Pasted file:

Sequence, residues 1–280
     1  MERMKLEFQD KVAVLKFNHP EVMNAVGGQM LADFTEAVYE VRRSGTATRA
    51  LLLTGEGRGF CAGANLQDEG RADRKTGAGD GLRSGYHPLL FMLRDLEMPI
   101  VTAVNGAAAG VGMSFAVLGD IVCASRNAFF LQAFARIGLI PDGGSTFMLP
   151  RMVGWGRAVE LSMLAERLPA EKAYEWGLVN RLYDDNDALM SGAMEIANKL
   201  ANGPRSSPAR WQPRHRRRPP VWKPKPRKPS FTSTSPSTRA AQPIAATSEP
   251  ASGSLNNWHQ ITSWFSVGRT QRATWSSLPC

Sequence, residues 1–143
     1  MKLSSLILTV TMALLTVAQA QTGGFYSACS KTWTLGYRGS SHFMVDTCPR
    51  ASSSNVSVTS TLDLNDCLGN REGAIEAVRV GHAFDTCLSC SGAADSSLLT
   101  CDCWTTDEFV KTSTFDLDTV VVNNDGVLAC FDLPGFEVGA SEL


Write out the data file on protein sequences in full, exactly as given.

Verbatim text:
Sequence, residues 1–280
     1  MERMKLEFQD KVAVLKFNHP EVMNAVGGQM LADFTEAVYE VRRSGTATRA
    51  LLLTGEGRGF CAGANLQDEG RADRKTGAGD GLRSGYHPLL FMLRDLEMPI
   101  VTAVNGAAAG VGMSFAVLGD IVCASRNAFF LQAFARIGLI PDGGSTFMLP
   151  RMVGWGRAVE LSMLAERLPA EKAYEWGLVN RLYDDNDALM SGAMEIANKL
   201  ANGPRSSPAR WQPRHRRRPP VWKPKPRKPS FTSTSPSTRA AQPIAATSEP
   251  ASGSLNNWHQ ITSWFSVGRT QRATWSSLPC

Sequence, residues 1–143
     1  MKLSSLILTV TMALLTVAQA QTGGFYSACS KTWTLGYRGS SHFMVDTCPR
    51  ASSSNVSVTS TLDLNDCLGN REGAIEAVRV GHAFDTCLSC SGAADSSLLT
   101  CDCWTTDEFV KTSTFDLDTV VVNNDGVLAC FDLPGFEVGA SEL